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Author Information

Founder and Owner of the Flexbone Association. Since 2007 we have provided the tools necessary for teams to succeed running the Flexbone Association System. Over the last ten years over 200 teams have been instructed by the Flexbone Association. I've consulted with teams and or run camps everywhere from Belfair, WA to Key West, FL. The Flexbone Association strives daily to help coaches succeed with this time tested offense, I have been a football coach for 16 seasons, currently at Harrison High School in Kennesaw, GA I played at St. Mary's Springs High School in Fond du Lac, WI under legendary head coach Bob Hyland. I've been fortunate to be part of five state championship teams (1997,1998,2002,2011,2012). In 2011-2012 St. Mary's Springs led the state of Wisconsin in scoring and set consecutive school records for points scored, Psalm 27

Common Flexbone Sprint Out Pass Protection Problems

The Sprint Out Passing game is not unique to football, but the pass blocking on the sprint out game in the Flexbone Offense is.

The most common problems that Offensive Line make are the following:

  1. No punch/set, just trying to down block or base block defender on/inside. This is a huge mistake because they will open up two gaps by not following the rules.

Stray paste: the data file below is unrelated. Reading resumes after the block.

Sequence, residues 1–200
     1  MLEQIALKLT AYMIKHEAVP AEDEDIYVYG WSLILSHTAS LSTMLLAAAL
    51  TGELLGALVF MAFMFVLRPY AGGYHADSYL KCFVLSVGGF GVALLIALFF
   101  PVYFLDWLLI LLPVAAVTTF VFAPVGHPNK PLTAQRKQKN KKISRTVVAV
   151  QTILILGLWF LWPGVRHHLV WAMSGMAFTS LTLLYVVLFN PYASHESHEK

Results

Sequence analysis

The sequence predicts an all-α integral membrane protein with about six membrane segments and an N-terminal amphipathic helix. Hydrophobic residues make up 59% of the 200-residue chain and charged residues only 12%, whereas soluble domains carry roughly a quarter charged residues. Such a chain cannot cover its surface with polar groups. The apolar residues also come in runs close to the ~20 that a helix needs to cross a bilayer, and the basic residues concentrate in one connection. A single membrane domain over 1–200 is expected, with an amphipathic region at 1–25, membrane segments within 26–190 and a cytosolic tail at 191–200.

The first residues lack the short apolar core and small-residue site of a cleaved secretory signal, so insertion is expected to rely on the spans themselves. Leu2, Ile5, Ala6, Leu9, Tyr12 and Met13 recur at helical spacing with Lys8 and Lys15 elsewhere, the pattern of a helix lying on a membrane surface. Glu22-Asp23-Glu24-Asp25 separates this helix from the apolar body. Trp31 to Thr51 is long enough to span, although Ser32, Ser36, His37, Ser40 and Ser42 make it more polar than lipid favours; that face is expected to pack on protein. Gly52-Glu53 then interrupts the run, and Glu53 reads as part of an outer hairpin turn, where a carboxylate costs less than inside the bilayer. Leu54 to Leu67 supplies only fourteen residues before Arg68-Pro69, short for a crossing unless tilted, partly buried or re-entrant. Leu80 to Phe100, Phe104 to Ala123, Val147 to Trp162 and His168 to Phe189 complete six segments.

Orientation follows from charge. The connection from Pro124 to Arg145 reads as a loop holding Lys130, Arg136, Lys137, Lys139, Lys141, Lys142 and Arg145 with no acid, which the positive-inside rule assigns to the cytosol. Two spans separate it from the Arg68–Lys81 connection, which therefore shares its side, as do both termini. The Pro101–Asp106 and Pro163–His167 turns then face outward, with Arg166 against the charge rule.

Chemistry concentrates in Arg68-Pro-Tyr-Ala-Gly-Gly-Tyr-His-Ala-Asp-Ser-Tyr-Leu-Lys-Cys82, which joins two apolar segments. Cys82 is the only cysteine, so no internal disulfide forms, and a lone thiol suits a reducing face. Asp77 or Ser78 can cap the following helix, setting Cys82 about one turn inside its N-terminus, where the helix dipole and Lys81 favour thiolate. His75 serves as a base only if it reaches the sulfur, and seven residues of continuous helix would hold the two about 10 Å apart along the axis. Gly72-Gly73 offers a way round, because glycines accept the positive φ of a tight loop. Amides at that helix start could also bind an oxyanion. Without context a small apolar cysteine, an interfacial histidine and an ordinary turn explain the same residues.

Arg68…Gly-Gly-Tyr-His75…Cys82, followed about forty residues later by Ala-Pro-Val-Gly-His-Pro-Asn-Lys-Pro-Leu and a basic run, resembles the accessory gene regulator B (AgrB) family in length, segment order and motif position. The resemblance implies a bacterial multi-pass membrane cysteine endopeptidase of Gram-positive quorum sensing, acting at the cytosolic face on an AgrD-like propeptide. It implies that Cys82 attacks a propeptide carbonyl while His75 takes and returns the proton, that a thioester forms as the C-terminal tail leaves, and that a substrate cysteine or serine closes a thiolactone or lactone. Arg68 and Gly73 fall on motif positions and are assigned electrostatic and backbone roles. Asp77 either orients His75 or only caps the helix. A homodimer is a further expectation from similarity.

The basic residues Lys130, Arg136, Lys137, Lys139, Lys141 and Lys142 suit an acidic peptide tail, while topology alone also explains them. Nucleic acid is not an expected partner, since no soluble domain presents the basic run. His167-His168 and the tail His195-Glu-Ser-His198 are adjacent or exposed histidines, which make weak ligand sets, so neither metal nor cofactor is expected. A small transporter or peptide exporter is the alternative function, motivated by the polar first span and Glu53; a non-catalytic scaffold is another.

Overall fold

2. PST tries to reach 5 tech or base a 4. I know, it’s a repeat of the one above, but the PST is guilty of this most of the time. PST needs to trust that PS A will block the C gap defender. PST must be aggressive in “setting the wall” as I call it. The PST needs to understand that they are not letting any BS defender move past them. It is their responsibility to “hold the line.”
  3. OL doesn’t scoot backwards fast enough when there is no threat in their BS gap. If a defender over them engages them at the snap and escapes to PS gap once they’ve set, the OL must immediately begin scooting backwards (I call it butt blocking) until they have a BS gap threat.
  4. OL not gaining enough ground on first step. This makes them passive IMHO and also allows too much pursuit down the LOS by BS defenders.

The biggest thing that I preach, besides the four buzzwords, is that this is their chance to really bang on those DL and LB’s and slow them down a bit. The blocks are normally killshots from the side, rather than slow, sumo type base blocks. If there’s a NG or DT that’s been giving you problems all night, this is the chance for someone to clean the guy’s clock. We get some killshots on the nose when we run this play.

The coaching progression that I use for this is to go through the four steps, working on footwork, position and eyes. I’ll have all of the OL spread out in lines and work it all at once. Then I’ll add and individual drill with a defender on them. The defender will work himself into the PS or BS gap and they’ll have to react. Then I’ll add two OL to the drill and two DL. We’ll send the DL to different gaps and have them react. Then I’ll work my way to having the DL hitting a gap and throwing a counter move back to the PS trying to escape over the top down the LOS. Finally, we’ll get into a full line situation and try to send some EZ stunts, blood stunts and exchanges to get them used to it.

It’s really hard to replicate what you’ll see in a game, because guys rush the passer and pursue the passer much differently than they do a running play. I think it’s very important that you continue to stress the four techniques throughout the season.

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